race

White Dog: a Bold Stance on Prejudice

There’s something about underappreciated works of art that makes me appreciate them more. Maybe it’s some sort of hipster instinct that allows me to derive satisfaction from that which not many other people have derived satisfaction from, or perhaps it’s a sort of voyeurism, peering into the innards of a bloated artistic medium to extract something of value, something that a studio hardly wanted to reveal to the public. Either way, there are certain films that nobody has seen that everybody has to see, certain films that say something profound that nobody wants to hear. White Dog has some terribly important, terribly horrifying things to say about race relations, things that were relevant when the film was released in 1982 but are somehow even more relevant today.

I’m about to spoil it, so go see it. It’s only ninety minutes. Some of the acting is questionable and there are some truly awful B-movie, Hard Ticket To Hawaii style zoom-into-a-character’s-face-as-something-important-happens moments, but watch it anyway. It’s about a German Shepherd, a “white dog” trained to attack black people on sight. A woman finds him, takes him in, and then begs an animal trainer to get rid of his ingrained racist instincts. The trainer himself is black. After many people are wounded and at least one is killed by the dog, the trainer actually manages to get the dog to stop attacking black people. The dog, however, is not fully cured, as he attacks a white man during his final test, nearly killing him. The object of his hate was merely switched. The dog is shot and killed during the attack.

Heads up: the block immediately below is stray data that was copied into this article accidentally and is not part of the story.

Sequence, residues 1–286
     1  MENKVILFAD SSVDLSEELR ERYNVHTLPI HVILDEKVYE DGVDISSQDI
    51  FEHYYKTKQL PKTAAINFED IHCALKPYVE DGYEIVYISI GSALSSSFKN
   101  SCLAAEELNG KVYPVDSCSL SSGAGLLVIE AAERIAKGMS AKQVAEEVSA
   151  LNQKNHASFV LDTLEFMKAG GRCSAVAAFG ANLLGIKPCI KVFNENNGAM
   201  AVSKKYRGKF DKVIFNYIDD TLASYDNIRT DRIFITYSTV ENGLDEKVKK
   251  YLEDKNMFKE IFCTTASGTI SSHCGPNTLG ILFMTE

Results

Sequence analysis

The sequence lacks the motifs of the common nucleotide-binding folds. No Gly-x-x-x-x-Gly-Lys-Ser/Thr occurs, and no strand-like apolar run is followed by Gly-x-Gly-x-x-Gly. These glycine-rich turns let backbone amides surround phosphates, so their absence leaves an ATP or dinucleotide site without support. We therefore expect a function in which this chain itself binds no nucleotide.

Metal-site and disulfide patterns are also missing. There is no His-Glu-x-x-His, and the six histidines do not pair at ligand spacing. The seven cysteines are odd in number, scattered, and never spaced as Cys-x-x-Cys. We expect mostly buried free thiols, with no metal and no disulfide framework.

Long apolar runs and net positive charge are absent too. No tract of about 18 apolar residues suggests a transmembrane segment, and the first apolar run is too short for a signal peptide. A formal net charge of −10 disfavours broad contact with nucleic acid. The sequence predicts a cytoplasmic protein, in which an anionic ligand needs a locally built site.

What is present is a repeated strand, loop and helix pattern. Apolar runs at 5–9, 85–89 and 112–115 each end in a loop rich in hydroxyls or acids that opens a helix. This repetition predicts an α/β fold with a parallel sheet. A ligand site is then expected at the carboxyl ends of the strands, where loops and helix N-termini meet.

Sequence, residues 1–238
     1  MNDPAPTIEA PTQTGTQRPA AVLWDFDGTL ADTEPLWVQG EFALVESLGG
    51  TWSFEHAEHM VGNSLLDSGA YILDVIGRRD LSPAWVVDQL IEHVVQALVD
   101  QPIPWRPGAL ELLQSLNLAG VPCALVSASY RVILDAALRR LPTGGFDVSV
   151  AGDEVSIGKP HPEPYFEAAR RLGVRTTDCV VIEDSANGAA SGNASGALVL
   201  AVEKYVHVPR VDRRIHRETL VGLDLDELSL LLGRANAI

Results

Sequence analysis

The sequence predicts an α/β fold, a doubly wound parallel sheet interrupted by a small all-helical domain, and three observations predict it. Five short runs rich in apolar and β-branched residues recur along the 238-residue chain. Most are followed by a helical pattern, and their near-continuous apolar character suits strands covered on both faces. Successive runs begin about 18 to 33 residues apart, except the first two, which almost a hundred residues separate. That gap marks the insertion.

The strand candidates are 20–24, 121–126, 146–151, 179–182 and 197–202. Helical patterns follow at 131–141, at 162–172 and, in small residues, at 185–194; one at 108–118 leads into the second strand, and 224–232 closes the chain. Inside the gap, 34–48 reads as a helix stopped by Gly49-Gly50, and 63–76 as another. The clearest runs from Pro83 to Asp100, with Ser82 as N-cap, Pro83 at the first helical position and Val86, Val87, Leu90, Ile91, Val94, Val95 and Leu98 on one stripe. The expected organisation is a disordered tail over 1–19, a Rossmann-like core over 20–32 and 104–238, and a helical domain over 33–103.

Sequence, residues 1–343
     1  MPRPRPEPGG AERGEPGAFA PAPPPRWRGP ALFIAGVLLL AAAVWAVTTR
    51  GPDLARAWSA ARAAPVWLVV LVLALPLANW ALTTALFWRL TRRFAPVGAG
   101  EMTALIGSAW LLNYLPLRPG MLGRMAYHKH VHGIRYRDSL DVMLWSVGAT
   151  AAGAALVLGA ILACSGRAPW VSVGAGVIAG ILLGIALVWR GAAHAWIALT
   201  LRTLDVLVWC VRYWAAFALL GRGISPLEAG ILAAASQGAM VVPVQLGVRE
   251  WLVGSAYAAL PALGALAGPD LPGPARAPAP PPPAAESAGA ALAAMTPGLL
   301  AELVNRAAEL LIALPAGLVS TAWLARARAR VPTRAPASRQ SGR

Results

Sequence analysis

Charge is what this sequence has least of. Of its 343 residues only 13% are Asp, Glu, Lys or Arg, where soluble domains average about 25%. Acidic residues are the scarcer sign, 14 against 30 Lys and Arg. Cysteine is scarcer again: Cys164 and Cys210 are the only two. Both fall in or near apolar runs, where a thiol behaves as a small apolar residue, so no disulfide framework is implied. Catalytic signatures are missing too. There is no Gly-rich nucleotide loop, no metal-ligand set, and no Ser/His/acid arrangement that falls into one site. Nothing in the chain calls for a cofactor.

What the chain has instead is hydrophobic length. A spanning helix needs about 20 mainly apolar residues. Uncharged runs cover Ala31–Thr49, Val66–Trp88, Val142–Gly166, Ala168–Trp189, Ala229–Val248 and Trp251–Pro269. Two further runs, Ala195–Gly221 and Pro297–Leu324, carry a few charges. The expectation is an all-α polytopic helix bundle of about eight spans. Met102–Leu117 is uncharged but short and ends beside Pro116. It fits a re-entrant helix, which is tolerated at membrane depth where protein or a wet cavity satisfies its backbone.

It’s harrowing. It ends abruptly. The dog dies and the credits roll. We aren’t given time for grieving his irreparability, for lamenting the fact that he came close to being saved. He’s just killed, suddenly, and our hopes for his rehabilitation are dashed in an instant. A few characters articulate that it isn’t the dog’s fault; of course it isn’t, he’s a dog, and dogs can’t be racist by nature. It was the fault of the original owner, but that doesn’t change the fact that the animal’s hateful nature is permanently imbued. The dog may have switched targets at the film’s conclusion, but the aggression isn’t going anywhere.

There are plenty of interesting messages about prejudice seeded throughout the film. The white woman who brings the dog into her home, who tries to change his nature: perhaps a claim that even those who are well-intentioned and have no prejudices themselves can inadvertently offer a safe haven to those who do. The black trainer who tirelessly works to retrain the dog: a man who desperately wishes for the hateful to change, who wants to remove some hate from the world without resorting to violence. All of these interim messages, however, are overshadowed by the final sequence. As the final gunshot rings and a heavy silence lingers above the characters, the film’s statement is clear; try as we might, hate cannot be conditioned out. Prejudices ingrained in youth become a part of one’s consciousness, they become the consciousness itself.

Is this true? I certainly hope not. But it’s a bold stance on one of the most important social questions that we face today, and it’s a viewpoint that everyone ought to understand in order to be in tune with the modern world’s ever-increasing tensions.